3: Green Tree Ants & Other Species

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Queensland, Australia
© C.S. Moreau
Green Tree Ant Nest

A few days ago, I told you a bit about how ground-dwelling and tree-dwelling ants respond differently to environmental stresses. But I thought it might be nice to learn more about one of my favorite canopy-dwelling species: Oecophylla smaragdina—“green tree ants.” These jaunty and colorful little beauties live in the treetops and are part of an ant group nicknamed “weavers” because of how they construct their nests.

To build a new nest, two or more weaver-ant workers each straddle two leaves on a plant and begin to pull them together using their legs and jaws. Once the leaves are touching, another ant worker carefully carries over a larva held in her jaws and then signals the larva to start spinning silk. (The silk will be used to make a cocoon where the larva will eventually pupate, much like a caterpillar).

The worker moves the larva back and forth over the leaves, “sewing” them together until they are sealed tight. If you look carefully at the results of their handiwork in the photo above, you can see the silk around the edges of the leaves. Just as we would defend our home from intruders, you can also see that the workers (which are actually quite green in the photo) are ready to defend their nest from a curious ant biologist.

As you can imagine, when the climate begins to dry out and the leaves start to drop, the population of these tree-dwelling ants is dramatically affected. They can no longer build homes where they can safely reproduce, lay eggs, and nurture their young. They may roam to find new habitats, but it’s hard for insects adapted to moist micro niches to wander far across blighted areas.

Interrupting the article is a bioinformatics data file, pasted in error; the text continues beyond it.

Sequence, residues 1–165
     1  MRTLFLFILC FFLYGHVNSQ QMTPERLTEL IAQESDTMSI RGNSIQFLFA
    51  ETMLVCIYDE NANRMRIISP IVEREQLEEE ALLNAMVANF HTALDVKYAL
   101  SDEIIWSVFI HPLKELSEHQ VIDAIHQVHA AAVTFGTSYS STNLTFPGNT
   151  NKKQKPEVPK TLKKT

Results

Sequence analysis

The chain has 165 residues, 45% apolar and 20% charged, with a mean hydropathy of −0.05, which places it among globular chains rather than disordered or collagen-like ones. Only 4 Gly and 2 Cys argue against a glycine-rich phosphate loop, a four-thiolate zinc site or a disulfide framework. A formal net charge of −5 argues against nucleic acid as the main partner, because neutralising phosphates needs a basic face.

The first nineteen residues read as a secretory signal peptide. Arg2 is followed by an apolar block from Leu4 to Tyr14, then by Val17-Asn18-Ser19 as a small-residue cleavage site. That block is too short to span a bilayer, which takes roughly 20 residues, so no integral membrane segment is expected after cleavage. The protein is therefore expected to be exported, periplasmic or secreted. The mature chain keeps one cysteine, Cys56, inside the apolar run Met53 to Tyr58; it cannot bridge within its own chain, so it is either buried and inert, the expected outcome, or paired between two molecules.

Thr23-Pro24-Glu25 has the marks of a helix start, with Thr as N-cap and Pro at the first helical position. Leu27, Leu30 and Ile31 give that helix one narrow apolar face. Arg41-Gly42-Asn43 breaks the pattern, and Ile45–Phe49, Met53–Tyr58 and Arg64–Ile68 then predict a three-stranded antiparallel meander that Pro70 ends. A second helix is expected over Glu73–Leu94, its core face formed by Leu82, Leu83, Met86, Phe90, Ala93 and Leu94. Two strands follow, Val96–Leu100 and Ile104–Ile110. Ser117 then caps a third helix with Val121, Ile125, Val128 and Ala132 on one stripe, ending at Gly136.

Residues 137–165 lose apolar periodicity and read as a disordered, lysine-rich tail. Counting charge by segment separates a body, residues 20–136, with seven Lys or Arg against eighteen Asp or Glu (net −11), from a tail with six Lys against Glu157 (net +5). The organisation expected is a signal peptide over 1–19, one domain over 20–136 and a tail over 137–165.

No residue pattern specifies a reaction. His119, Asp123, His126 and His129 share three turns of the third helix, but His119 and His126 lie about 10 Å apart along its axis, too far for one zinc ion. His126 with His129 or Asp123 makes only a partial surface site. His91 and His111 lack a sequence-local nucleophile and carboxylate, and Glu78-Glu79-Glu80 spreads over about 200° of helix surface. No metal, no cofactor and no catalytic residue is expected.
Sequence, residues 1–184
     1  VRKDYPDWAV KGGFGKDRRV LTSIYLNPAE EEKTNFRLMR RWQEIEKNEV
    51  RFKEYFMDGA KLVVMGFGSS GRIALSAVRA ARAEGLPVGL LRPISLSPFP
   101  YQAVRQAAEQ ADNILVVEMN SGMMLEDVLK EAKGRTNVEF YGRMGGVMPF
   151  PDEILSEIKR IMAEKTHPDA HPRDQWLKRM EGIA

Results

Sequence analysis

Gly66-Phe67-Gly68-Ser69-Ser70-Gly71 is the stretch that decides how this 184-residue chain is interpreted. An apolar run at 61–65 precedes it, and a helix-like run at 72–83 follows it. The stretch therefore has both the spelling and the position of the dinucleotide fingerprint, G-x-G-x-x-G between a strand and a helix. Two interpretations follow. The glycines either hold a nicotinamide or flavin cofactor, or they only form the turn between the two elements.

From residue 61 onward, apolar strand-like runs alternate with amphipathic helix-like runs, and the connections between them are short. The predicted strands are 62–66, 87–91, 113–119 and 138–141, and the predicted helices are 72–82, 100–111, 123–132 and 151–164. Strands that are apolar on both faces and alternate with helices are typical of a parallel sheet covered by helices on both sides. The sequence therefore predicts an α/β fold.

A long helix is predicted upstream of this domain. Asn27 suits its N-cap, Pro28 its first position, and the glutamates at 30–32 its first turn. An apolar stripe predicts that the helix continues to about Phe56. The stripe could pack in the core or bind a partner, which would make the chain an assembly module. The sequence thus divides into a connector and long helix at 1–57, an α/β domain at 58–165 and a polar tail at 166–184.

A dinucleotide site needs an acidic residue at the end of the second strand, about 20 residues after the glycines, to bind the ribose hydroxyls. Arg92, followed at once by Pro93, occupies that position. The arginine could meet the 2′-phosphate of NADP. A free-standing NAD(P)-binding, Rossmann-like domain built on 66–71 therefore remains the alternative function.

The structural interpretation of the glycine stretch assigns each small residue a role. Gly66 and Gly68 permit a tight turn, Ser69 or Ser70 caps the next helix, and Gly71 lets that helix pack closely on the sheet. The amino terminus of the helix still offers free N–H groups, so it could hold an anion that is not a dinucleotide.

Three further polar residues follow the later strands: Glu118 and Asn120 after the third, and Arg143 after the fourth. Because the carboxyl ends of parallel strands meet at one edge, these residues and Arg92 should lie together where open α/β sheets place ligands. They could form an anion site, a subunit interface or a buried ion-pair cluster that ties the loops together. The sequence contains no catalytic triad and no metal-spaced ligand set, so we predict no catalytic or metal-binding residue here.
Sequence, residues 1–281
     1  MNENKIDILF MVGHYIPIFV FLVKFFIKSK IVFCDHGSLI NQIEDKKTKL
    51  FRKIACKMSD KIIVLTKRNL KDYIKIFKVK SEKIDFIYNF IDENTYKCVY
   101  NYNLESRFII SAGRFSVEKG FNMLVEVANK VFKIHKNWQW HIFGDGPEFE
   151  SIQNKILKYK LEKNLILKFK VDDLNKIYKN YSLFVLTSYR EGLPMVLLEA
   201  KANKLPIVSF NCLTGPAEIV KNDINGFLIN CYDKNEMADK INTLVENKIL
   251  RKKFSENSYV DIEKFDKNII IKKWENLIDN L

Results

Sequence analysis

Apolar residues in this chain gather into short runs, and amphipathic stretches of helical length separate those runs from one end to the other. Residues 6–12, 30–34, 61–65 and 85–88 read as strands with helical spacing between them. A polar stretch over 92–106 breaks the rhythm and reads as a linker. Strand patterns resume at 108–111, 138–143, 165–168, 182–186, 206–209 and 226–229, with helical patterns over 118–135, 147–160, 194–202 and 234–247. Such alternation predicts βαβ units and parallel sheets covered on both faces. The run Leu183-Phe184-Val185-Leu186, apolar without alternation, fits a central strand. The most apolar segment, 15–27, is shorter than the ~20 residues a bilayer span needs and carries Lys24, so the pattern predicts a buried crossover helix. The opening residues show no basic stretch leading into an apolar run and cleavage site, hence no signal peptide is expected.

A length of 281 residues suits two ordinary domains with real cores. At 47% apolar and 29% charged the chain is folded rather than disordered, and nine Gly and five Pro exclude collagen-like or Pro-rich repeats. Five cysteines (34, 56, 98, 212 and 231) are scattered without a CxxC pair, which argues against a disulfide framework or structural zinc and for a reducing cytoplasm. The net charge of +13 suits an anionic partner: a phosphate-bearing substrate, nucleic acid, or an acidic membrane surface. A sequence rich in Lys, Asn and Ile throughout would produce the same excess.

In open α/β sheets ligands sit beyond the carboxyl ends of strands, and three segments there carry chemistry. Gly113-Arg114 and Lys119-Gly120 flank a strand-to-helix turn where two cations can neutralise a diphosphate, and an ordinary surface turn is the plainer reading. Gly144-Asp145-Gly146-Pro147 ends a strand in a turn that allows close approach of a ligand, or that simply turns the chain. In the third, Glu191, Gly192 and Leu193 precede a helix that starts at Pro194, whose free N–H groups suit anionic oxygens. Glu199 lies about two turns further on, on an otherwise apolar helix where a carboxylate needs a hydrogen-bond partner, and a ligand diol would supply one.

So what would the disappearance of tree-dwelling ant species mean? A lot, actually. Not only are green tree ants a food source for other tree-dwelling animals, but they play a vital role in the Australian environment. For example, these industrious ants patrol the trees, killing off harmful insects that would damage the tree population (see Photo #2 below). That’s why many farmers work to establish green tree ant colonies in their mango and mandarin orchards—these ants are effective, safe, and free biological control agents. And they’re cute, too—what’s not to like?

Green tree ants are just one of many ant species that are vital to habitat health. For example, many species of ground-dwelling ants have huge colonies with nests that can cover acres of land. These nests aerate the soil and not only stir up nutrients but also increase the absorption and circulation of rainwater, which reduces runoff, especially in drought-prone areas.

And in drier areas of Australia, ant species of the genus Rhytidoponera are the primary agents for seed dispersal. They're thought to distribute more seeds than birds or any other creatures. Why is this important? By carrying seeds far from the parent plant, these ants reduce competition between parents and seedlings and help establish new populations.

And by transporting these seeds into their nests, the ants protect the seeds from drought and give them a nutrient-rich and predator-free place to sprout (see Photo #3 below). In fact, these ants actually aid sprouting by eating only the tough coating of many desert seeds, encouraging germination. Funny thing is, the plants recognize the benefits of ant dispersal, and about 1,500 plant species in Australia actually emitting chemical attractants that invite ants to spread their seeds.

Well, I think I’ve proven my point about the benefits of ants and why the extinction of an ant species could have a devastating effect on people, plants, and other animals. If you’d like to see more cool images of ants and learn more fun facts about their role in the environment, be sure to check out my Australian Ants Photo Gallery.

So tomorrow we head out on an eight-hour drive to the forests near Cooktown on the northern edge of the Australian Wet Tropics—stay tuned!

See you in Mount Cook National Park,
Dr. Corrie Moreau

© C.S. Moreau
Opened Nest
© C.S. Moreau
Attacking a Pest
© Alex Wild, www.alexanderwild.com
Harvester Ant